Ready-to-Use Resources for Mindsets in the Classroom: Author Q&A
Ready-to-Use Resources for Mindsets in the Classroom: Author Q&A
PUBLISHED: Wednesday, October 14, 2020 by Andilynn Feddeler

When students believe that dedication and hard work can change their performance in school, they grow to become resilient, successful students. Ready-to-Use Resources for Mindsets in the Classroom: Everything Educators Need for Building Growth Mindset Learning Communities provides educators with tools they need to help students change their thinking about their abilities and potential. Learn more about the updated edition of the book and developing growth mindsets in this interview with the author, Mary Cay Ricci.

Q: What is new to the updated edition? Why were these updates included?

A: Throughout the entire book, there are updates based on my observations of growth mindset initiatives in schools as well as newer research on the topic. More specifically, I updated several of the resources, including the list of people who have demonstrated resilience and overcome challenges in their lives, and the chart of picture books and extended texts that can be used to discuss mindsets. The first book included 50 picture books, and that list has expanded to 100! Extended texts went from 25 to 50 books.

The changes for the 2020 edition were needed to better understand and implement growth mindset principles in teaching and learning.

Q: Why is Ready-to-Use Resources for Mindsets in the Classroom even more relevant to readers today (distance learning, being open-minded about the future, dealing with stress, etc.)?

A: I can’t think of a time in education when a growth mindset is needed more than now! Whether you are doing distance learning, face-to-face, or a hybrid, changes have been made. We all know how difficult change can be for both adults and children. The update of the book continues to focus on important tenets of developing growth mindsets in our students. Skills like resiliency, perseverance, optimism, and work ethic are essential to develop.

An important aspect of growth mindset thinking is when students know what to do when they struggle. This is especially important during distance learning situations. Do they know what to do when they get stuck? What strategies have we taught them to try before they ask for help? Having a menu to go to when they face challenges ultimately helps with stress and other social-emotional issues that they may encounter.

Q: How does this book help educators implement the ideas in Mindsets in the Classroom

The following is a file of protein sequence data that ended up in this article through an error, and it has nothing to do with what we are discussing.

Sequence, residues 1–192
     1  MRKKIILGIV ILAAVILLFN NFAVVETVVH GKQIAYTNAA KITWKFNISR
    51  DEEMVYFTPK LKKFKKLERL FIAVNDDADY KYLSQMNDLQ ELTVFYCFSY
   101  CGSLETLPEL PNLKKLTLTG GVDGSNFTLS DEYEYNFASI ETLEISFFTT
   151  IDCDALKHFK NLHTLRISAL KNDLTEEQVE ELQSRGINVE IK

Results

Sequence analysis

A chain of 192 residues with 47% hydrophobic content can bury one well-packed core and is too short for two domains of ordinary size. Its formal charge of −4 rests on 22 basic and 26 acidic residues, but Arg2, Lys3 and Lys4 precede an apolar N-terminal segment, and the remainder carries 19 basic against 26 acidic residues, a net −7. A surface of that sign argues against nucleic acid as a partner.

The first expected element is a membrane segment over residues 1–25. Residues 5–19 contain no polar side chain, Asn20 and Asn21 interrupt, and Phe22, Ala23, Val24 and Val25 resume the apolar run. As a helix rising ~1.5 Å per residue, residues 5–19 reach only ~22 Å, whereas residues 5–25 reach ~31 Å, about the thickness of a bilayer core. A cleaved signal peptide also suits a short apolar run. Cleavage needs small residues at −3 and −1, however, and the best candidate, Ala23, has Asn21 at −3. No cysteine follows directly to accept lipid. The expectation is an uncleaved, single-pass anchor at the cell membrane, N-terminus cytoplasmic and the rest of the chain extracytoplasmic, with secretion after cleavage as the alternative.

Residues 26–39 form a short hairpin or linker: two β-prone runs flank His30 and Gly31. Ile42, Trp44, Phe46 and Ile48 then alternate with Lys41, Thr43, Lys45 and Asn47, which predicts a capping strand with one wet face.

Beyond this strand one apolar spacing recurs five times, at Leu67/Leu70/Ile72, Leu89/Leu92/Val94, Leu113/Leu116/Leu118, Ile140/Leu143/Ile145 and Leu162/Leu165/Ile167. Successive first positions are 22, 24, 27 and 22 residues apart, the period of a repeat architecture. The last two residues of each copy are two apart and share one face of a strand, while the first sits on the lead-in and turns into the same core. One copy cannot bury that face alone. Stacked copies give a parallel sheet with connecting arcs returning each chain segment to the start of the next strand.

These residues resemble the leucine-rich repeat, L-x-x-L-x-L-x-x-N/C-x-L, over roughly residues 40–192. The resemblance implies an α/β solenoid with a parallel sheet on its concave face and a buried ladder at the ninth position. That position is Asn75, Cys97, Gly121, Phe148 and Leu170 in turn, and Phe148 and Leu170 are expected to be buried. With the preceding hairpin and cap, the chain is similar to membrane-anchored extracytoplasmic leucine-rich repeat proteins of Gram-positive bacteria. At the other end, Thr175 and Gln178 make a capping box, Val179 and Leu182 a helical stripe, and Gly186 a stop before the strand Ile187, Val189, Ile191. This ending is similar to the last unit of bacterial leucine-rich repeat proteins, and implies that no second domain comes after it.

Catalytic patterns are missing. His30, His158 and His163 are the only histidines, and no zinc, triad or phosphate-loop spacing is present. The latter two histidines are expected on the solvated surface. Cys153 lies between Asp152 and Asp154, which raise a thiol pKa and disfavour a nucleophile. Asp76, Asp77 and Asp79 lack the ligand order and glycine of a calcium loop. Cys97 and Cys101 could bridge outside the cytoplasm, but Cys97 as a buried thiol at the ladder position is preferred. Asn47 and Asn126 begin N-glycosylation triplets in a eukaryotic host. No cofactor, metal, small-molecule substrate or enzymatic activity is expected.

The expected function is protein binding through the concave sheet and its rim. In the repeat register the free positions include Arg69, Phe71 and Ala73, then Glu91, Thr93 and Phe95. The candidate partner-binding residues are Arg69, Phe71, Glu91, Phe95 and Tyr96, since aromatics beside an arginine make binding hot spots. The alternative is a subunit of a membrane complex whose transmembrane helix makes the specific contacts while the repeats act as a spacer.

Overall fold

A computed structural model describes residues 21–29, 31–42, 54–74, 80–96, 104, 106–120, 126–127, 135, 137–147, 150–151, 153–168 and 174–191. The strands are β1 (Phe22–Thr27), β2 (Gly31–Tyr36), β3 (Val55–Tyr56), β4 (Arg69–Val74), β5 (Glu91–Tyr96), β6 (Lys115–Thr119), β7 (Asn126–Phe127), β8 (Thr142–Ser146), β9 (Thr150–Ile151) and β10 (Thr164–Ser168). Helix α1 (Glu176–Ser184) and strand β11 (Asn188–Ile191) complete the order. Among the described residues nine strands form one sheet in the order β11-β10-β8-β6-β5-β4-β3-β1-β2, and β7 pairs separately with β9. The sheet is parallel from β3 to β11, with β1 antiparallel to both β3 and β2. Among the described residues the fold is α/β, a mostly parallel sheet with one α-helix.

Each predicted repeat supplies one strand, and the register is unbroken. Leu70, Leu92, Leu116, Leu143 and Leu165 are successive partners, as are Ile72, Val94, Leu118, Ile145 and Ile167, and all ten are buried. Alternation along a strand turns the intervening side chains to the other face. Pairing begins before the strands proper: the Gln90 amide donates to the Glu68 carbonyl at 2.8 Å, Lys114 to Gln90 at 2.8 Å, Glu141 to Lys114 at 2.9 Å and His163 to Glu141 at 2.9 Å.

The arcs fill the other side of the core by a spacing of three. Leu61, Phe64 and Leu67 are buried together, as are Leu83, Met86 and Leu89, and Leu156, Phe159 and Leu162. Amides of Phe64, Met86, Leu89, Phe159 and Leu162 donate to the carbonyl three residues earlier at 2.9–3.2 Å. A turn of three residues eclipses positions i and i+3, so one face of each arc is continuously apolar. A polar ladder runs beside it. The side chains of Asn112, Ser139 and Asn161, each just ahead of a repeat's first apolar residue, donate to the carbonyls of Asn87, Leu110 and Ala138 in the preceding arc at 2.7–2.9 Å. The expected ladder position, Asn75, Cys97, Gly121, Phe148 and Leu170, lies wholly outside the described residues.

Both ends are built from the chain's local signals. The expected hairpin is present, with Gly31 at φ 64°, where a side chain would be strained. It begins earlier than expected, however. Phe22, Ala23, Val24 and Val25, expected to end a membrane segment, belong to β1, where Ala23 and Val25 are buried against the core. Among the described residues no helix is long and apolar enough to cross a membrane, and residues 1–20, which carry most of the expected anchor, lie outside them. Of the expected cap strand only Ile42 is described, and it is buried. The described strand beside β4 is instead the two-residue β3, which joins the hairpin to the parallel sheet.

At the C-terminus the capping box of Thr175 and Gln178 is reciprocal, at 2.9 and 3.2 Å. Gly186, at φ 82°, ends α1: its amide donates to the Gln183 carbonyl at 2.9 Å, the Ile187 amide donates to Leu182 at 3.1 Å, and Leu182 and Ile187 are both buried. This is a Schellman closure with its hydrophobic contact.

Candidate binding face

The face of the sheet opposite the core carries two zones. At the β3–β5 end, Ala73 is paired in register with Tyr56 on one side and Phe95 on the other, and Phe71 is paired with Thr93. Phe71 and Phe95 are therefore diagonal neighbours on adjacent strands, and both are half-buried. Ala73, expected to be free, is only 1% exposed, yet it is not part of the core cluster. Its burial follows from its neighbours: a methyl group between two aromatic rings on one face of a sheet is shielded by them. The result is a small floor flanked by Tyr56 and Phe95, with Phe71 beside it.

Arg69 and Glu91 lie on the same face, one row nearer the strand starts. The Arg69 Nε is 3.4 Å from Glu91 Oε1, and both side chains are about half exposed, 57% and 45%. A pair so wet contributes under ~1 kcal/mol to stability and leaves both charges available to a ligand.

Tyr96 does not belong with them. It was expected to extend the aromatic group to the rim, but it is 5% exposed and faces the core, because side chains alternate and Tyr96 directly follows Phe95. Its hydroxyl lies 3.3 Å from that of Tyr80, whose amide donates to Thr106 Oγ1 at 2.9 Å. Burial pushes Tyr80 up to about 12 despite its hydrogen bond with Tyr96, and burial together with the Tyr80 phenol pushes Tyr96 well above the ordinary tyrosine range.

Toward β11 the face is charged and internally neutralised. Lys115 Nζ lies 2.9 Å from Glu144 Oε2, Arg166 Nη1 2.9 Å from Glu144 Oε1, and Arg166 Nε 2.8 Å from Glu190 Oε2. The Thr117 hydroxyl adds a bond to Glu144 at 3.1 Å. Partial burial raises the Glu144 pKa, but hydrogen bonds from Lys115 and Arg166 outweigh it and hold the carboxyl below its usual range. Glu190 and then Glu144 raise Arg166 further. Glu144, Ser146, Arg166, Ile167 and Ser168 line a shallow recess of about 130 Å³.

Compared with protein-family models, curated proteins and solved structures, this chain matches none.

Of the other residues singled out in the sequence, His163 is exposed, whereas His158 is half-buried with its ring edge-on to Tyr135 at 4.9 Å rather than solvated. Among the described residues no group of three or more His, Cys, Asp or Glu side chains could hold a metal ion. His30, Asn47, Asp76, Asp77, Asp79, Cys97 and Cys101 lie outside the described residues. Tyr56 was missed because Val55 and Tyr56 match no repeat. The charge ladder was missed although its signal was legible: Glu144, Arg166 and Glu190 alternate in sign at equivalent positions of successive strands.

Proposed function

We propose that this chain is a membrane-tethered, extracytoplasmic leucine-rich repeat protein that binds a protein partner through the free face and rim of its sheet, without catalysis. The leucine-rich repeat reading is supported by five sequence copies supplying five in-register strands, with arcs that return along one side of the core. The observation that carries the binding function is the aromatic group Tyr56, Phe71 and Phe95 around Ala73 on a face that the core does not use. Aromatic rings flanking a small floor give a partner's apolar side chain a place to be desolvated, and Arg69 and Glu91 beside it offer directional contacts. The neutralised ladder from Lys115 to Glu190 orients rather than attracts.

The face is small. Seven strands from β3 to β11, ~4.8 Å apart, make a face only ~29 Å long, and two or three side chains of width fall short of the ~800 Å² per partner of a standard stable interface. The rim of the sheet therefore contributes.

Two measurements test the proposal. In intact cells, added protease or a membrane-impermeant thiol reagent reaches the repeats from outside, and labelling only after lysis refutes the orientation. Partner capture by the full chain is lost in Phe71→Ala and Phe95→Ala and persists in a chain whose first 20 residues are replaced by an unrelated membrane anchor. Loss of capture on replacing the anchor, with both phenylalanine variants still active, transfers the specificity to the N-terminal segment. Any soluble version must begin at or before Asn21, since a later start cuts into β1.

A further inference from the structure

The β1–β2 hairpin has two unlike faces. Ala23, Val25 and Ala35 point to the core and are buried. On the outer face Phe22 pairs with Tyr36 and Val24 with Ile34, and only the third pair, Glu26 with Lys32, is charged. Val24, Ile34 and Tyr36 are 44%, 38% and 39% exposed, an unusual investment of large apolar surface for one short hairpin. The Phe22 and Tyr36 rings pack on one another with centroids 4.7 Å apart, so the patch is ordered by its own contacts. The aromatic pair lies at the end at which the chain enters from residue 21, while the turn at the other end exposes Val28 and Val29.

A: The chapters in this book actually mirror the chapters in Mindsets in the Classroom. For example, if you want more information about how to implement the ideas in Chapter 7: Can Gifted Education and a Growth Mindset Belief Coexist?, Ready-to-Use Resources provides some tools to better meet the needs of underchallenged students (whether they are formally identified as gifted or not) as well as ideas for professional learning. The resources help implement the content and ideas included in Mindsets in the Classroom.

Book study models for Mindsets in the Classroom that have actually been implemented by various schools across the country are also included in Ready-to-Use Resources.

Q: What are some of your favorite tools in this book, and why?

A: I don’t have to think long about this . . . without question, Resource 48: Growth Mindset Picture Books and Resource 49: Growth Mindset Extended Texts are my favorites.

One of the most effective ways to keep the growth mindset discussion going all year long is through literature. As mentioned above, I have added to the chart of picture books as well as extended children’s books that provide opportunities for discussions about mindsets. These charts not only include the title of the book, but also the author, recommended grade level (although I am a fan of using picture books at every level), and whether the character or story demonstrates a fixed mindset, growth mindset, or a change in their mindset. I also include questions that help students think about the mindset of the characters, or in some cases, real people. Many question possibilities exist for each book, but I do include just a few examples of questions in order to begin a discussion about mindsets. 

I am also always very purposeful in choosing diverse children’s literature. The recommended books include characters and people from a variety of backgrounds, races, cultures, religions, and socioeconomic backgrounds. 

The only downside to this resource is that I can’t help but bring so many of these books to share when I do workshops . . . makes for a lot of heavy luggage! 

When I discover new books that have the potential to spur discussion about mindsets, I will tweet about them at @MaryCayR.

I also love all of the tools that help visualize and implement differentiation and critical thinking processes!

Mary Cay Ricci is an education consultant and speaker. She was previously the Supervisor of Advanced and Enriched Instruction for Prince Georges County Public Schools, Coordinator of Gifted and Talented Education for Baltimore County Public Schools, and an instructional specialist in the Division of Enriched and Accelerated Instruction for Montgomery County Public Schools, MD.